JOHN JEFKINS wants to take you on a journey. Not one of those metaphorical businessspeak ones, but from Land’s End to John O’Groats in an electric car – without paying a penny for charging
Nine hundred miles in three days, stopping at Ironbridge and Selkirk en route, via Bristol to change co-drivers.
Could we drive VW’s ID3 electric-powered car from Croydon to Land’s End then on to John O’Groats with free charging all the way? That was the Jefkins family challenge to ourselves.
We are converts to an electric car. We bought it late last year but have done little more than lots of day trips since.
We’d still done 7,000 miles though, using a home charger to top-up its 260-mile range for a cost of about £3 a week – using 5p/kw hr for overnight tariffs like Octopus Go.
Free of lockdown, this was our first chance to get away and stay in hotels.
What better than driving from end to end of Britain?
The challenge was to do it for free, exploiting a subset of the UK’s charging network where VW offered free charging, plus the free overnight charging offered by hotels to customers (such as at Best Western).
Starting on the weekend of the G7 meeting last month, we passed about 500 policemen getting off their Lancashire tour buses to stand around a roundabout on the A30 near St Ives armed with nothing more than yellow vests.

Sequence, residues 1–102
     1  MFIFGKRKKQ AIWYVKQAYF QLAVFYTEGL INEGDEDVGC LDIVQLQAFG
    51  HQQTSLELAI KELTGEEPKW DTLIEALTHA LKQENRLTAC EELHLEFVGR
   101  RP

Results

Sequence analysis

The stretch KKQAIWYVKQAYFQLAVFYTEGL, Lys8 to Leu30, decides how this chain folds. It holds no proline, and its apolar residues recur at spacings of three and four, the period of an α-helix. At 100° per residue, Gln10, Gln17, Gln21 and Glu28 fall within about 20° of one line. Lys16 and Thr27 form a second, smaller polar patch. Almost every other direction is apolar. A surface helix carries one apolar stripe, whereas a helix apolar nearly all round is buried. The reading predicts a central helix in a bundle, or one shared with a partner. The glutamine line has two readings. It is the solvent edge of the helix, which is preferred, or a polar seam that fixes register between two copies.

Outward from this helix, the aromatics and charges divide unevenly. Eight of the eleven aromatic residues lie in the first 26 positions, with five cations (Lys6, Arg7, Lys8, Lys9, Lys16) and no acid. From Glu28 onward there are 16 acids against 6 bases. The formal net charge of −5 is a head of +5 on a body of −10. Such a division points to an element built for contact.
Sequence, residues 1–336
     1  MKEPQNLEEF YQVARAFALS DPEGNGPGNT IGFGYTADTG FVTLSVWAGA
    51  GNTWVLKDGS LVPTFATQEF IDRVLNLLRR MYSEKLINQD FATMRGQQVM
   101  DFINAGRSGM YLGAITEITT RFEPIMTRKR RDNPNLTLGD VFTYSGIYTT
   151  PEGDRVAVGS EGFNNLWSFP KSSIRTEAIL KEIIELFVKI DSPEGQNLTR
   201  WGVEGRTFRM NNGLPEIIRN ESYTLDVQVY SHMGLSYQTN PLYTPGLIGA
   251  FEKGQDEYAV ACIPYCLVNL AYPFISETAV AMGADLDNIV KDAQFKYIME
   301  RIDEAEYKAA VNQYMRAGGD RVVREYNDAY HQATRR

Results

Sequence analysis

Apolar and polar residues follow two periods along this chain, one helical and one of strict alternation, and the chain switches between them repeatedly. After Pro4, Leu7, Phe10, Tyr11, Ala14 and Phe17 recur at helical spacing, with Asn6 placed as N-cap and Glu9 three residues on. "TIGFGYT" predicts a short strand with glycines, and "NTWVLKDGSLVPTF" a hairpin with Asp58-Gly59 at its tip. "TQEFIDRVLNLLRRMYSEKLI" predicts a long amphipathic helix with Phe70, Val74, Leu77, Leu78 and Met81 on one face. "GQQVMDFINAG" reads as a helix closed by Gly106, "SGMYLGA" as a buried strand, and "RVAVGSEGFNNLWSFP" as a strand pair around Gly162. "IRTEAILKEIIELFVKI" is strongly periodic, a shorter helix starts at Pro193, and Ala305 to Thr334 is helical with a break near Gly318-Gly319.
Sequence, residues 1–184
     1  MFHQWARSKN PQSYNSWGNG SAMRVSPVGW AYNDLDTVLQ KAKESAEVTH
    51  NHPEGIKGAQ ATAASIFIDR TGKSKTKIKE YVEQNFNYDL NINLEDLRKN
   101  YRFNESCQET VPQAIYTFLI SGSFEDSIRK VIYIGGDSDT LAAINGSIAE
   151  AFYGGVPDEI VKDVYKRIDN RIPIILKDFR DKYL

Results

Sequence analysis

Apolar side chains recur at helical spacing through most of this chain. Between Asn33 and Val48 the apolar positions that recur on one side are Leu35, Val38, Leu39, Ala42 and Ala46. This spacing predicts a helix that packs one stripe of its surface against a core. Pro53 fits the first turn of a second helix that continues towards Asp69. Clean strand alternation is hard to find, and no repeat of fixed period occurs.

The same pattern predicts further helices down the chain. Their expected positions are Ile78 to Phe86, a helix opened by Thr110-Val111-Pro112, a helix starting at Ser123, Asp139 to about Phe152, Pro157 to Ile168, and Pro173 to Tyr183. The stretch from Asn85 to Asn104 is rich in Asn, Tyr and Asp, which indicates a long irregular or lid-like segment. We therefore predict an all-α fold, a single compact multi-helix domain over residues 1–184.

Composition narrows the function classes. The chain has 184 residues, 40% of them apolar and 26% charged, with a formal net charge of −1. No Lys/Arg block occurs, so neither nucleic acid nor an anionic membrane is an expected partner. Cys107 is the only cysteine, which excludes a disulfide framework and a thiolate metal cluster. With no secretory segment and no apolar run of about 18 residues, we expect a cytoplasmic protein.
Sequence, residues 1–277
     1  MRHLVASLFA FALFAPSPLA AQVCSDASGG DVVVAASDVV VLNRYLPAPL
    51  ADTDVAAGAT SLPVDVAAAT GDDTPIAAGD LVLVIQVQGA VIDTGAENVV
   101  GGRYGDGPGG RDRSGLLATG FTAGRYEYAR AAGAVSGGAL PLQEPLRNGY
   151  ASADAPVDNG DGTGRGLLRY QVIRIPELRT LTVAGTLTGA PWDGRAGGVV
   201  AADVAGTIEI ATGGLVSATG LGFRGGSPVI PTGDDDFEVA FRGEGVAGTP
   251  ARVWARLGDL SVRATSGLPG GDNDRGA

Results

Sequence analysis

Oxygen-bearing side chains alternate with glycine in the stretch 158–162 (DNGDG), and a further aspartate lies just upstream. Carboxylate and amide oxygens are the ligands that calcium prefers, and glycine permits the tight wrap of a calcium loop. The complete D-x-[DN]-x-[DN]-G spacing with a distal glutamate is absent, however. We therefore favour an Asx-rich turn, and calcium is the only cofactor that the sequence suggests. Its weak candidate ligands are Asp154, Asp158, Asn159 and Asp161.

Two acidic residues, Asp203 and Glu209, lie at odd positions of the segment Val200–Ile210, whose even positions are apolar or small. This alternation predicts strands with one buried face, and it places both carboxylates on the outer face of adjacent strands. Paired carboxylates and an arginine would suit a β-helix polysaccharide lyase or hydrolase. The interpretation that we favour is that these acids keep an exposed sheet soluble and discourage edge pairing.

President Biden might have been more impressed by the four lethal-looking long-horned cattle that blocked our way three days later in the north of Scotland.
We took three days, mixing motorways and scenic driving, to stop in Ironbridge and Selkirk en route to a John O’Groats hotel called “Sea View”. And our room really did have a great view of the Orkney Islands – even until almost midnight.
We charged up overnight in Fowey Valley Best Western, while having coffee at Ionity Cullompton Services and overnight at Best Western Ironbridge.
We then spanned Ironbridge to Selkirk, charging a bit in Preston and a lot at Gretna Green, in order to get from there to Perth and avoid paying a Selkirk hotel £10 for using their charger.
Finally to John O’Groats, we had lunch in Aviemore where a ChargePlace Scotland charger was also free.
Thus, we charged the car about every 200 miles (while we were sleeping, eating or drinking) and arrived with 90 miles range to spare.
We paid nothing to charge on the whole Croydon to Land’s End part of the journey, nor on the section to John O’Groats (and we then spent the next week slowly heading homeward, visiting Loch Lomond and Yorkshire).
As we’ve found, even if you do pay to charge, it’s about one-third of the cost of petrol for a similar mileage. But you do need to shop around the large choice of networks and pay by energy, rather than time. Contactless payment works best, too.